UAE to build NASA Gateway airlock, send astronaut on Artemis mission

NASA has on-boarded another integral partner to its lunar plans by striking a deal with the United Arab Emirates to build part of its lunar Gateway space station and send one of the Arab country’s astronauts on a future Artemis mission.

The deal with the Mohammed bin Rashid Space Centre announced means the UAE will be responsible for providing the Crew and Science Airlock module to the small station that will act as a temporary home for astronauts during crewed missions at first to the moon, but in time to deep-space destinations including Mars.

It also means a UAE astronaut will get to fly to the station building on the small country’s burgeoning space program that most recently sent its second astronaut to space as part of the six-month-long Crew-6 mission to the International Space Station in 2023.

The UAE joins the U.S., European Space Agency, Japan and Canada among partners on Artemis projects. Russia, which is a partner with the ISS, opted out of involvement with NASA’s moon plans.

The UAE’s space program has a lot of parts in play. It launched a probe to Mars in 2020 that successfully entered orbit in 2021 and in 2022 had sent a rover as a passenger on a commercial lunar lander that was destroyed when that lander failed to make a successful soft landing several months later in 2023. Those missions along with Earth observation satellites and its growing astronaut plans are the realization of the four facets of the UAE space center that was established in 2006. Its new astronaut class includes the country’s first woman as well.

Making a flight to Gateway doesn’t mean the UAE astronaut will walk on the moon, though.

NASA’s Jim Free, who recently took on the role of Associate Administrator, the top civil servant in NASA, said in 2023 that SpaceX or other commercial partner delays tied to a lunar landing could mean a shuffle in Artemis missions so that Gateway plans move up the manifest.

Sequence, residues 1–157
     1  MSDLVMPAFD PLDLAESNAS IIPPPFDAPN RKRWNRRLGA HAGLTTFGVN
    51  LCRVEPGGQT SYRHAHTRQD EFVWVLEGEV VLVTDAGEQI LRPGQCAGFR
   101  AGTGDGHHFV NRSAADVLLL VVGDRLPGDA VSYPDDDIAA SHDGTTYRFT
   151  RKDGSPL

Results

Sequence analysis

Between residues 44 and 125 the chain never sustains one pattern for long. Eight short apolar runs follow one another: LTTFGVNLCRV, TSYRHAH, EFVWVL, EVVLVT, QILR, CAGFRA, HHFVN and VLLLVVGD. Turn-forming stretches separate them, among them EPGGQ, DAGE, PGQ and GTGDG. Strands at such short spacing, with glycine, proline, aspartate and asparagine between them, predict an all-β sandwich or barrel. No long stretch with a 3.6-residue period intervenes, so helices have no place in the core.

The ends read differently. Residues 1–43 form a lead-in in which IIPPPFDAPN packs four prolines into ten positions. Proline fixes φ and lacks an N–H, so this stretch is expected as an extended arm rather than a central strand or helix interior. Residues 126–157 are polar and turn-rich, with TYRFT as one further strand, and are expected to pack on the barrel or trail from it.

Gateway’s timeline for now is tied to Artemis IV, currently on NASA’s long-term budget to not occur until at least 2028. It’s designed to fly with a bigger version of the Space Launch System rocket with more payload space that has yet to be constructed.

Gateway, which is planned to be about one-sixth the size of the ISS, will offer pressurized temporary living quarters about the size of a studio apartment, and act as a command center for lunar missions. It will feature docking ports for spacecraft like the Orion but also lunar landers and resupply craft.

The outpost is not meant for continuous human presence, but will have the power element as well as the eventual addition of a habitation space, capable of supporting four astronauts for 30 to 60 days.

For the UAE, which will also provide continued engineering support for Gateway, the airlock its providing will allow for crew and science to move from the station’s pressurized habitable environment into the vacuum of space. This will be the entry and exit point for astronauts to perform spacewalks such as maintenance on the station and allow for more deep-space science.

“The United States and the United Arab Emirates are marking a historic moment in our nations’ collaboration in space, and the future of human space exploration,” said NASA Administrator Bill Nelson said in the release. “We are in a new era of exploration through Artemis – strengthened by the peaceful and international exploration of space. The UAE’s provision of the airlock to Gateway will allow astronauts to conduct groundbreaking science in deep space and prepare to one day send humanity to Mars.”